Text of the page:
Clean the tips with extreme care in case of contamination. Using a contactless CBP Jaw Cleaner to eliminate the risk of damage when cleaning the cavities is best.
Precise tool alignment is essential. Align the tweezer jaws centrally to the sample and engage the jaw features like serrations, hooks, or cavities correctly in the vertical axis to get the best results. Sigma bond testers have vision technology for automatic alignment to minimize handling errors.
Gold wire Tweezer Pull failure modes #
Here we list the most common failure modes for gold wire tweezer pull. We also refer to our grading library, where you can download result codes.
Ribbon pull #
Tweezers are a possible solution for ribbon pull because the tweezer jaws distribute the load evenly under the ribbon loop. However, a pull test with a flat or offset hook will also effectively keep the pull force on the center of the bond.
Ribbon loop heights are often very low, and a hook of sufficient strength may not fit. Special hooks can help, but the tweezer solution is often a good way to overcome loop clearance limitations.
Peel testing #
The principle of a peel test is to move 2 axes at the same time. This is typically the Z axis and either the X or Y axis. Therefore, the best tool to perform peel tests is tweezers.
The following schematic outlines how this works when the objective is to keep the angle of the pull force perpendicular to the sample. The result is a 90 degree peel test.
Angled peels #
Less common are angled peels. The movement shown in the X is not equal to the upward movement. Backward peeling decreases the lifting force on the sample and can be useful testing thin substrates that tend to bend upwards.
The results from a peel test often require more analysis than a simple pull or shear test. The useful data in the force/displacement graph can consist of the maximum (peak) force, the average force, the minimum force, or the energy. A bond tester with a good SPC package gives all these results directly after a test.
Copper pillar #
There are multiple ways to test copper pillars. The best method depends on the failure mode of interest and the construction of the sample.
Solder to copper #
It depends on the shape of the construction whether a Cold Bump Pull (CBP) type test or a shear test is feasible to qualify the process.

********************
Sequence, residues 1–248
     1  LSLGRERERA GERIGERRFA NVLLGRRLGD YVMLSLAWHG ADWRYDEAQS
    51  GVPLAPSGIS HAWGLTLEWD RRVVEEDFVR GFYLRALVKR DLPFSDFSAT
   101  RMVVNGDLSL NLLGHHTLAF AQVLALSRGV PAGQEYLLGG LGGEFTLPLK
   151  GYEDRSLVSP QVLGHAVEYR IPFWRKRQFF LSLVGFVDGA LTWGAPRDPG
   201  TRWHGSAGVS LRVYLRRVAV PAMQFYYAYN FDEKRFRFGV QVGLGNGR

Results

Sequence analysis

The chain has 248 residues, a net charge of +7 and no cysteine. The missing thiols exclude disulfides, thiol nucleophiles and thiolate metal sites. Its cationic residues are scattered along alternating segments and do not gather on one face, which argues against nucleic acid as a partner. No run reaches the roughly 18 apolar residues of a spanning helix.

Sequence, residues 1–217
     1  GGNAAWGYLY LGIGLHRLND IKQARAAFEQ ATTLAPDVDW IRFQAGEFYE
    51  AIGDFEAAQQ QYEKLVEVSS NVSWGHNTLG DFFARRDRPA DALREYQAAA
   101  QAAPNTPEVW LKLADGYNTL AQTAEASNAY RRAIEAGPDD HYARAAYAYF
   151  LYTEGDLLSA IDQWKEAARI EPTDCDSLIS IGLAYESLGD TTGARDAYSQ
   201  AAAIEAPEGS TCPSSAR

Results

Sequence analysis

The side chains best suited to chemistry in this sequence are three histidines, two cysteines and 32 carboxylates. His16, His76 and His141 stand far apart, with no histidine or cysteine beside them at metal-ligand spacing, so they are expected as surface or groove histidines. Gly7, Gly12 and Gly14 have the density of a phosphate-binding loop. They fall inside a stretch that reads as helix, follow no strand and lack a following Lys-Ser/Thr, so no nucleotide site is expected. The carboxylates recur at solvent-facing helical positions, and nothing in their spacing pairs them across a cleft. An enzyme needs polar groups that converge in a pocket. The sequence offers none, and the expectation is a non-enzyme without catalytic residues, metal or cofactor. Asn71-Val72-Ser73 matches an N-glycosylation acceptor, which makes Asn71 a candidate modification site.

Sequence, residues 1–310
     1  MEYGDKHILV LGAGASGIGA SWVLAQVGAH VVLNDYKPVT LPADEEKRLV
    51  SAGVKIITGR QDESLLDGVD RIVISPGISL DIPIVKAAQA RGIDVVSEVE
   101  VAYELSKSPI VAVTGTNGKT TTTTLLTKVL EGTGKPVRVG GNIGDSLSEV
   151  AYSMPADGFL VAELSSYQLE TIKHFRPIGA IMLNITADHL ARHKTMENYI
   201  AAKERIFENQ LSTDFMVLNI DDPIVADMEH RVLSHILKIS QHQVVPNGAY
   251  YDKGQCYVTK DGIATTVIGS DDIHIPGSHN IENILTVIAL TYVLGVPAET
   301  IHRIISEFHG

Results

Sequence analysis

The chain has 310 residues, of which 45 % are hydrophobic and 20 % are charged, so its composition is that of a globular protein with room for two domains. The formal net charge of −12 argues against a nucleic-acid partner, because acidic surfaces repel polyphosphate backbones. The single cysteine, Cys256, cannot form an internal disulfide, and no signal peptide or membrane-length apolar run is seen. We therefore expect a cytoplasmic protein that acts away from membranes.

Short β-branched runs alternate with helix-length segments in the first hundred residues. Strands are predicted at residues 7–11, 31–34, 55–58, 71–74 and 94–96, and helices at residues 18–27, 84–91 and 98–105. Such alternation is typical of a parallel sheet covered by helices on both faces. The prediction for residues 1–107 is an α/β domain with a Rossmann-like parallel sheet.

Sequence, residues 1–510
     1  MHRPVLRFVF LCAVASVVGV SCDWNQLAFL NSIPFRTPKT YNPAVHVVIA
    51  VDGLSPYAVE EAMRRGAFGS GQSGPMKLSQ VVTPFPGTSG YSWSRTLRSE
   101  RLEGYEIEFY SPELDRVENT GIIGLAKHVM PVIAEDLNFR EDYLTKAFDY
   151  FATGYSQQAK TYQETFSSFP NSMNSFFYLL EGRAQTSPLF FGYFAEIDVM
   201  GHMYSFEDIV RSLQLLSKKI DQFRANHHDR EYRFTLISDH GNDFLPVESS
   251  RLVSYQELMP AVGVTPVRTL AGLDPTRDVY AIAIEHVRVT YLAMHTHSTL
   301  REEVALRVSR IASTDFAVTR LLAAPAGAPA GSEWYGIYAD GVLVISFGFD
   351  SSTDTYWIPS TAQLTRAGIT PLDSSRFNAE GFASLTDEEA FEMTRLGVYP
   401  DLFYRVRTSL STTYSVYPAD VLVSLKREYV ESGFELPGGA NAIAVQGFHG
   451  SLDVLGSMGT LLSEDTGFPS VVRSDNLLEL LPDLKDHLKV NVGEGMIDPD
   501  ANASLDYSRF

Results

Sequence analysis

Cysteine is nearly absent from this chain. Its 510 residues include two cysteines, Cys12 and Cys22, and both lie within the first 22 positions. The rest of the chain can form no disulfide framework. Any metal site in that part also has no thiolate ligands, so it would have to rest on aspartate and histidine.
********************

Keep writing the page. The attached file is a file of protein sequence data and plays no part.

Below is the test sequence for the Cold Bump Pull test:
Choosing either a closing distance or constant closing force on the tweezer jaws depends on which method produces the most failure modes of interest or the highest force. The failure modes are:
Copper-to-substrate breaks are a common failure mode. The copper’s bond strength and failure mode to the substrate pad are known when this happens. Copper solder break is not so common and probably indicates a non-wet. Copper extrusions indicate strong bonds.
Below is the test sequence for the shear test:
This how-to focuses on tweezer pull tests only. Click to read more about the copper pillar and the rationale behind the top landing.
Copper to pad #
A pull and a shear test can produce the failure mode of interest between the copper and the pad. The preference for process control is often for pull testing because the bond is subjected to a simple tensile load, distributed over the bond area. Unlike solder bumps, copper is relatively hard, and gripping it is easier.
Solder balls require precise reforming to apply a meaningful test load onto the bond. Copper also needs reforming to be able to grip it, but this takes the form of well-known gripping methods such as plain surfaces and friction, a few serrations that slightly reform the copper to get a mechanical grip or a slight taper.
Stud Pull / Pick and Place #
There are many approaches to stud pull. The principle with stud pull testing is to make an adhesive connection with the carrier (or test object) with glue stronger than the bond that needs to be tested.
It is possible to provide a Sigma bond tester with a micro dispenser that dispenses tiny drops of glue (microliter amounts) very accurately and cures with UV light. Using USB Tweezer and unique tips, it is possible to automatically take a glass stud from a magazine and place it with a predefined pressure on the surface with the glue.
Sigma bond tester #
A Sigma bond tester is the most advanced bondtester for solder ball testing. It comes with game-changing automation capabilities and high specifications in:
- Sensor accuracy and resolution
- Large X stage
- Superior axis speed
- Cameras and illumination
- Future proof and modular design
Contact us and challenge us to customize a bond tester to solve your quality control processes.